Tag Archives: parental alienation

Woody Allen v. Mia Farrow

8 Feb
Woody Allen, photo by Colin Swan, wikipedia

Woody Allen, photo by Colin Swan, wikipedia

As a general rule, the lives of celebrities do not interest me in the slightest. The current and very public controversy surrounding Woody Allen, however, strikes a little close to home for me to ignore. My thoughts on this are with reference to the excellent article in today’s National Post by Jonathan Kay.

Allen’s 28 year old daughter Dylan Farrow has publicly accused Allen of sexually abusing her as a child. A heinous act for certain, if true. But as Mr. Kay astutely implies, it almost certainly isn’t. Dylan’s older brother Moses is the key to seeing through the smoke screen here.

Mia Farrow, photo by David Shankbone, wikipedia.org

Mia Farrow, photo by David Shankbone, wikipedia.org

As Moses relates, it was his mother Mia who drummed into him and sister Dylan to hate their father for tearing the family apart and for sexually molesting his sister. It was Mia who created the atmosphere of fear and hatred towards their father.

While Kay doesn’t use this term specifically, what he is describing is the ruthless and brutal emotional form of child abuse known as parental alienation. I’ve lived through it.

Dr. Sol Goldstein, a prince of a man

Dr. Sol Goldstein, a prince of a man

The clinical expert in my case who conducted a neutral, court-appointed parenting capacity assessment was Toronto’s Dr. Sol Goldstein. Dr. Goldstein had four decades of experience in this field at the time. He was a child psychiatrist, and adult psychiatrist, an Associate Professor of Psychiatry at the University of Toronto, and a psychoanalyst. He studied psychoanalysis under no less an authority than Dr. Otto Kernberg, a giant in the field of narcissism theory. Dr. Goldstein had stopped counting his high conflict divorce cases after he got to 500, well before he saw my family.

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At a later stage in my case, Dr. Goldstein warned me of the possibility that the parental alienation could expand to include false allegations of sexual abuse of my severely alienated daughter. Apparently it’s par for the course in severe enough cases. Thankfully, this did not come to pass. My life was hellish enough at the time without such false accusations.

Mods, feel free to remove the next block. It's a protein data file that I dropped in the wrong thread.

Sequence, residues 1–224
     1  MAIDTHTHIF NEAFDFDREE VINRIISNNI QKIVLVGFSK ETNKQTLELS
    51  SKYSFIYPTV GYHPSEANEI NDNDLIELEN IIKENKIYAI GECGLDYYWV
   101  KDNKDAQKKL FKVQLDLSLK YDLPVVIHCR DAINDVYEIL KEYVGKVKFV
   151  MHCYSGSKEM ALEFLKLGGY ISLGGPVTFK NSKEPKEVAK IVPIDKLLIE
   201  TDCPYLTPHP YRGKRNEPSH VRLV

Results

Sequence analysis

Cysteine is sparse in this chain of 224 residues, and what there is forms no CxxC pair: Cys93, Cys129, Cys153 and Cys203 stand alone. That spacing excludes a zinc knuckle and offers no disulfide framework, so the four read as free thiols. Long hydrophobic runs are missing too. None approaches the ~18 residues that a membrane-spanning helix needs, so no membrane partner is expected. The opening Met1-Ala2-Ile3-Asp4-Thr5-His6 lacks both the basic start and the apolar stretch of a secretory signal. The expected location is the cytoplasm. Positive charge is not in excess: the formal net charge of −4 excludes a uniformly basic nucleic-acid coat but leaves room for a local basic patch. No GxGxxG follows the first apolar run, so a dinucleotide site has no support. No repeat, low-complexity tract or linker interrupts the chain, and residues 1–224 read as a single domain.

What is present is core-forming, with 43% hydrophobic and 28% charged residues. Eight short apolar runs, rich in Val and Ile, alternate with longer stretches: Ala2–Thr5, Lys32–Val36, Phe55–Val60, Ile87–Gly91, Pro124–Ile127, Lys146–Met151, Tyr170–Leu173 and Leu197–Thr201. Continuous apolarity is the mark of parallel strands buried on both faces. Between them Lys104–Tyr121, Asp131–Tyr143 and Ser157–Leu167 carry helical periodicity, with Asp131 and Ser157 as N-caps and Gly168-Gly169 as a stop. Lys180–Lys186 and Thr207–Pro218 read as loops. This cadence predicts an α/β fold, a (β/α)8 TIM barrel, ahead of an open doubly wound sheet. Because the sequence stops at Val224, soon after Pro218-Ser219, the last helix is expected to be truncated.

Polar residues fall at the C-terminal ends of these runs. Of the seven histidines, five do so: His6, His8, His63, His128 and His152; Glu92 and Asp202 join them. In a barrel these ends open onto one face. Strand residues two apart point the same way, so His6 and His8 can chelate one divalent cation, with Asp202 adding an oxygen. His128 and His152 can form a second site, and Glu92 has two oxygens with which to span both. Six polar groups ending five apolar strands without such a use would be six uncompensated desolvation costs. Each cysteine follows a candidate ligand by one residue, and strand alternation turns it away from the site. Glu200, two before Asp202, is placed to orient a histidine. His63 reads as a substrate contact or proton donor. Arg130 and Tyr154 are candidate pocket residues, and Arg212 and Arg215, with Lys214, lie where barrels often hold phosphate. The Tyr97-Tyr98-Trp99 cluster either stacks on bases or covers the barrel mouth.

As Jonathan Kay points out, the high-minded presumption of innocence can go out the window in cases of alleged pedophilia. While we need to protect our children, doing so at the expense of justice opens the door to a narcissistic and vindictive ex to brainwash the kids into thinking one has committed heinous acts.

There but for the grace of God go I. And I, like Mr. Kay, believe I know what the truth of the matter is when it comes to the allegation made against Mr. Allen.

Dr. Amy Baker, Ph.D. – Parental Alienation Expert

2 Sep

Due to my military background, I was quick to get “SA” (situational awareness) once I learned that my estranged wife’s rabid campaign to have our kids reject me had a name: parental alienation. As it turns out, there is a cadre of world-class experts in the field, and they pretty much all know one another.

One of these experts is Dr. Amy Baker, Ph.D. Amy came to Ontario, Canada in 2009 to testify as an expert at my divorce trial. She was accepted by the court as an expert in child-parent relationships and parental alienation. Amy’s testimony was exceptionally strong, in that her evidence explained how parental alienation was child abuse. She used language and terms that were virtually identical to Ontario’s child protection law.

This is probably why the judge had to scuttle the trial. She threatened me from chambers with not seeing my two badly alienated sons for another six months if I didn’t drop the trial. I hadn’t seen them for nearly 14 months by that point, also because of judicial malfeasance.

Amy is very intelligent, compassionate, and a killer-good expert witness. She’s someone that every target (victim) parent of alienation, every lawyer dealing with alienation cases, and adults who suspect they may have been alienated as kids should know about.

Here’s where you can find her: http://www.amyjlbaker.com/ . She responds to emails.

It’s people like Amy that help alienated parents regain faith in humanity and have hope for an otherwise bleak future.